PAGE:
ShopperTrak said sales at bricks and mortar stores fell 10.4% for Nov. 26-29 vs. 2014.

Bottom line, the National Retail Federation still expects sales, both online and in stores, to be up 3.7% for November and December vs. year ago levels.  Gallup sees total holiday sales increasing 5.1% to 5.8%.

Down in Washington, House Speaker Paul Ryan warned a bill to fund government is still an uncertainty with current funding slated to expire after Dec. 11.  Democrats and Republicans are negotiating but if talks go past the deadline that will require a short-term continuing resolution to avoid a shutdown.

Overall spending in the bill is already set at $1.1 trillion, but the problems are over how it is divvied up.  So it’s a major test of Speaker Ryan’s leadership.

But Ryan passed one test, that being passage of a five-year, $305 billion U.S. highway funding bill by a 359-65 vote, with the measure also reviving the U.S. Export-Import Bank.  The Senate passed the legislation 83-16 and President Obama will sign it.

This will be the first long-term highway bill in years, brining stability, for once, to state and local planners’ ability to commit resources to their transportation needs.  It should also be a boon to the likes of Caterpillar Inc., the world’s largest maker of construction equipment.

Europe and Asia

The big global economic story of the week has been the looming divergence in monetary policy between the Federal Reserve and the European Central Bank.

ECB President Mario Draghi and his board extended their policy of unprecedented monetary easing, pledging to continue its 60bn euro a month bond buying program for another six months until March 2017 “or beyond.”  Draghi reiterated later that the ECB will continue to do what it takes to stoke the economy and get inflation up to the targeted 2%.

At the same time, the ECB cut a key interest rate to a historic low of minus 0.3% and pledged to buy more assets with the proceeds of its existing bond purchases.

But the markets tanked, Thursday, as investors wanted more; deeper rate cuts and more monthly bond purchases.  One problem with this last point.   There is only so much quality paper available for the ECB to purchase, so they are going to be heading way down on the credit scale over time, into “crapola” territory.

The sell-off also reflected that investors had bet too heavily on expectations of more aggressive expansion, loading up on dollar assets in anticipation of further stimulus.

The euro was expected to continue to weaken to eventual parity with the dollar, but instead rose from 1.054 to over 1.09, a massive move in one session, before falling some on Friday to 1.085, as Draghi gave a speech in New York wherein he tried to clarify his position that the ECB will do everything necessary and has all the tools to accomplish its goal of price stability.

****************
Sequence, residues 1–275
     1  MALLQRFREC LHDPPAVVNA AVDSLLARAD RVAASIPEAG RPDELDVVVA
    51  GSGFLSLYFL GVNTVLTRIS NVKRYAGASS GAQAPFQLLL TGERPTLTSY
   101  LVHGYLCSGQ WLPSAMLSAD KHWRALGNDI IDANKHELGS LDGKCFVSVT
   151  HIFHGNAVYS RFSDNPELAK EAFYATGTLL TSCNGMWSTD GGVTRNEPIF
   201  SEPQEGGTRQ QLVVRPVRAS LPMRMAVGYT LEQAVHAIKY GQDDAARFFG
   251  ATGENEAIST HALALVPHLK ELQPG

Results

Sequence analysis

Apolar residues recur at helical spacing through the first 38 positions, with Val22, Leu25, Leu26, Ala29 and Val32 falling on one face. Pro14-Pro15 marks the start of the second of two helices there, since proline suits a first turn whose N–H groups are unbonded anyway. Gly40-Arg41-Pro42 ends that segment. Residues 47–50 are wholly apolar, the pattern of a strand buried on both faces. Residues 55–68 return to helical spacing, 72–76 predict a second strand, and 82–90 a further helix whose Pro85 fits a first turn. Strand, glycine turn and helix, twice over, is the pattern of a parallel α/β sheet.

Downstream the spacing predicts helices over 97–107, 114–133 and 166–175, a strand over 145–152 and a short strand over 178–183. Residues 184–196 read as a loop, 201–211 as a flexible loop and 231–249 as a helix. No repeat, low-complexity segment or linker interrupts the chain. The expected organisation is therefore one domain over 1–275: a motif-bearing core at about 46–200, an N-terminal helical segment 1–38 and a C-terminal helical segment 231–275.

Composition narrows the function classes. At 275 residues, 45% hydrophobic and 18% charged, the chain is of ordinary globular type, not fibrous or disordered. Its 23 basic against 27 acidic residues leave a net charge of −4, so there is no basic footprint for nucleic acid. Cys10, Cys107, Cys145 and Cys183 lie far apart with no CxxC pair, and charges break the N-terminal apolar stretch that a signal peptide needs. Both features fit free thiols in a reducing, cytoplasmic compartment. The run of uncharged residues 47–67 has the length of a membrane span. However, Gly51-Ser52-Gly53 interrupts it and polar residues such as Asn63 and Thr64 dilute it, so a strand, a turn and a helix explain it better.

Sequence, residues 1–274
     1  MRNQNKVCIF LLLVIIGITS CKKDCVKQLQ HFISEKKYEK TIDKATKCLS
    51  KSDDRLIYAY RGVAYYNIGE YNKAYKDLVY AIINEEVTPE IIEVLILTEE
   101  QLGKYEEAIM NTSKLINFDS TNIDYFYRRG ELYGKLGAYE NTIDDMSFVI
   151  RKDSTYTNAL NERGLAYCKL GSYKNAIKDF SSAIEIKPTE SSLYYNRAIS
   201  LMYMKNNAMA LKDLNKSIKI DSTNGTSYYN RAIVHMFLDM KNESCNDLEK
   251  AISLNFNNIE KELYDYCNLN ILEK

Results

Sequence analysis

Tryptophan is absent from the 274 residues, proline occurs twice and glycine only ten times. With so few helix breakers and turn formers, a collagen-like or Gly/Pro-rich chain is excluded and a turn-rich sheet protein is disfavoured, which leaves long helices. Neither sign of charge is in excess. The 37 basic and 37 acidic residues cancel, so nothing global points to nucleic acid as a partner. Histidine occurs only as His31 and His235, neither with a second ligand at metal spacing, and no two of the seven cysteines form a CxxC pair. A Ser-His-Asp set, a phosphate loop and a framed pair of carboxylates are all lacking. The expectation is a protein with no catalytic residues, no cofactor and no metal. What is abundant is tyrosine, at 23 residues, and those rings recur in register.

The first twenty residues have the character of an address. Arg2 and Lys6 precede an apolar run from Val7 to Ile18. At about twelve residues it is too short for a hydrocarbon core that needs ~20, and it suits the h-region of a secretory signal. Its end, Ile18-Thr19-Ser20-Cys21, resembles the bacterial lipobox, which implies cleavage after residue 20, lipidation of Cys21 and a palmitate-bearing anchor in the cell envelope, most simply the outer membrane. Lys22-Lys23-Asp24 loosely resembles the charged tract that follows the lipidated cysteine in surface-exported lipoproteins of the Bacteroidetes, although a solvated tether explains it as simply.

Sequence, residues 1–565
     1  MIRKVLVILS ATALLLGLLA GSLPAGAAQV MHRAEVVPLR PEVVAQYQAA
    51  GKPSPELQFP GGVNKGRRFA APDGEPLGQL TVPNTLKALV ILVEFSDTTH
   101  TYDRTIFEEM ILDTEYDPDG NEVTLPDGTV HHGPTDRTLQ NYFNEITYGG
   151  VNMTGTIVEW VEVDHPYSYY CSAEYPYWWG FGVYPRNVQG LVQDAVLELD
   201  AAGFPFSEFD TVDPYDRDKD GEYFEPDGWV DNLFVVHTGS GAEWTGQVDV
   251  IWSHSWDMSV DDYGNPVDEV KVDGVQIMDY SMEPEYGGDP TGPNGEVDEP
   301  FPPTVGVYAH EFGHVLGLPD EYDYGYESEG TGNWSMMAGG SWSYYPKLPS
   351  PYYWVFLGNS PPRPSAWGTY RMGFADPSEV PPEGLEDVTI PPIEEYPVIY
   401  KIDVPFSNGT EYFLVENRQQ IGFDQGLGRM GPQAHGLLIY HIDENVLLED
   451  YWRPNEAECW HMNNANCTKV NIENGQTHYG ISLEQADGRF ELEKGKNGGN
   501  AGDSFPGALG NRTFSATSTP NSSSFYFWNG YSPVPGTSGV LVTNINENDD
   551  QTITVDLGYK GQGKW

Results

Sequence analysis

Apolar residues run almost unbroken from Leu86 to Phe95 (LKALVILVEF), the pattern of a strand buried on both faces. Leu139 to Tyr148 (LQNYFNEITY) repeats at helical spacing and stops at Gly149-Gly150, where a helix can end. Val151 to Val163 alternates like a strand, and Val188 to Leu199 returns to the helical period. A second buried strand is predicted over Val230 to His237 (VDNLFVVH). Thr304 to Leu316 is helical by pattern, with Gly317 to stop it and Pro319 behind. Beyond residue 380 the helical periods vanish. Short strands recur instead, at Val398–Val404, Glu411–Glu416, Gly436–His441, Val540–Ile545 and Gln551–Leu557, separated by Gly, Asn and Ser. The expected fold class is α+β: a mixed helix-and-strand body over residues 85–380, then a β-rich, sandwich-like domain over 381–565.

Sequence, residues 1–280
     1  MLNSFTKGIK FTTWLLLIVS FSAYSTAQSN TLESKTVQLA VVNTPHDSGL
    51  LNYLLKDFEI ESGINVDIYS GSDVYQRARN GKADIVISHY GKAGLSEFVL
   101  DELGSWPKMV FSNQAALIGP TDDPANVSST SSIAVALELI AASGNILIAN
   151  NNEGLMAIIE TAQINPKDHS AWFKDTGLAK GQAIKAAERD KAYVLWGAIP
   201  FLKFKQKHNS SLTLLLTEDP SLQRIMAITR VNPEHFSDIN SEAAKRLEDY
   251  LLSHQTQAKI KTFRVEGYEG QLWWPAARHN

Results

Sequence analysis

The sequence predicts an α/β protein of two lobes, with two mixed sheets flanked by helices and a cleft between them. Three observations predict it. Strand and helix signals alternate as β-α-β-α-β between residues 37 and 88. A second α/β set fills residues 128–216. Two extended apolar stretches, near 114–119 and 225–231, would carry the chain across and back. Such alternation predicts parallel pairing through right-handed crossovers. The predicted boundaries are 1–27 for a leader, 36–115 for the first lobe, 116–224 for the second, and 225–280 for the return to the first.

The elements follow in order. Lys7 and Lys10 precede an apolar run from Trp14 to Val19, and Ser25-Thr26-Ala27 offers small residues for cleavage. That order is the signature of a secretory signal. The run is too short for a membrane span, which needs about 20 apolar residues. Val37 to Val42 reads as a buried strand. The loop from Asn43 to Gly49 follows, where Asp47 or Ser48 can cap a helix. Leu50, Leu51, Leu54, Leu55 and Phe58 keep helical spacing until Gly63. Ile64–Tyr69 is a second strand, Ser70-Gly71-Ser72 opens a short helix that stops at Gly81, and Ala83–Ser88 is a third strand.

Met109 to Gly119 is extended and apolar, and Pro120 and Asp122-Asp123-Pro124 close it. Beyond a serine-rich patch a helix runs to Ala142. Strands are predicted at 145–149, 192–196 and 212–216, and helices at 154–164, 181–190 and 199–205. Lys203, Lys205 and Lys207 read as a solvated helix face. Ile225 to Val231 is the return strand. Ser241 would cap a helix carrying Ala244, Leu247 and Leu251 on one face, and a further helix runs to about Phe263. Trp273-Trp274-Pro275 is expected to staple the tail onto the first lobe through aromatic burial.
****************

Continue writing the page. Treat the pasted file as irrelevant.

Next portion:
The combination of measures taken, said Draghi today, “was not a package meant to address market expectations.  It was meant to address the reaching of our objectives.”

Eurozone government bonds saw their yields surge on word the monthly purchase limit wasn’t being increased.  The 10-year German bund, for example, saw its yield rise from 0.47% to 0.66% just on Thursday, while the yield on the Italian 10-year soared (in percentage terms) from 1.38% to 1.64%.

---

On the data front, Markit released PMIs for manufacturing and the eurozone figure for November was 52.8 vs. 52.3 in October, the 29th straight month over 50.

Germany was at 52.9 vs. 52.1 in October, France was unchanged at 50.6, Italy was 54.9 vs. 54.1, Spain was 53.1 vs. 51.3 and Greece was 48.1, an 8-month high.

Germany’s PMI for services was 55.6; 51.0 in France.

The composite PMI for the EA 19 was 54.2 last month vs. 53.9 in October.

Two others...Ireland’s PMI for manufacturing was 53.3 for November, which is actually a 21-month low, but its services reading was a stupendous 63.6, the highest since June 2006 (transport and leisure leading the way).

Non-euro U.K. had a manufacturing PMI of 52.7 vs. 55.2, but the decline isn’t worrisome, while the services reading was a robust 55.9, up from 54.9.

On the employment front, Eurostat released data for October and the eurozone jobless rate was 10.7% vs. 10.8% in September and 11.5%, Oct. 2014; or over twice the unemployment rate in the U.S.  Still a lot of work to do here.

Germany had the lowest at 4.5% (though the government officially pegs it at 6.3%, which is still the lowest since reunification). France was at 10.8%, actually up from a year ago, which isn’t good for President Hollande. 

Italy’s declined from 13.0% in Oct. 2014 to 11.5%.  Spain’s has fallen from 23.9% to 21.6%, Ireland’s is all the way down to 8.9% from 10.7% a year earlier, while Greece is at 24.6% (Aug.).

On the youth unemployment front, the news in some countries remains distressing.  Spain’s rate is 47.7%, Italy’s 39.8% and Greece’s 47.9% (Aug.).

A focus of Mario Draghi’s, inflation, is still running at just 0.1% (annualized) for the eurozone, according to a flash estimate out of Eurostat for last month.

Eurostat also reported retail trade rose 2.5% in October year-over-year for the eurozone.

Speaking of retail sales, Greece’s were down 5.2% in September from year ago levels.

Chris Williamson, Chief Economist at Markit:

“The euro area’s manufacturing recovery continued to build momentum in November, with factory output and new orders both showing the largest monthly gains for one-and-a-half years.

“It’s by no means a spectacular pace of expansion, however, broadly consistent with 2% annualized growth, and there are also few signs of underlying inflationary pressures picking up. Average prices charged by manufacturers fell for the third month running and average input costs continued to drop sharply.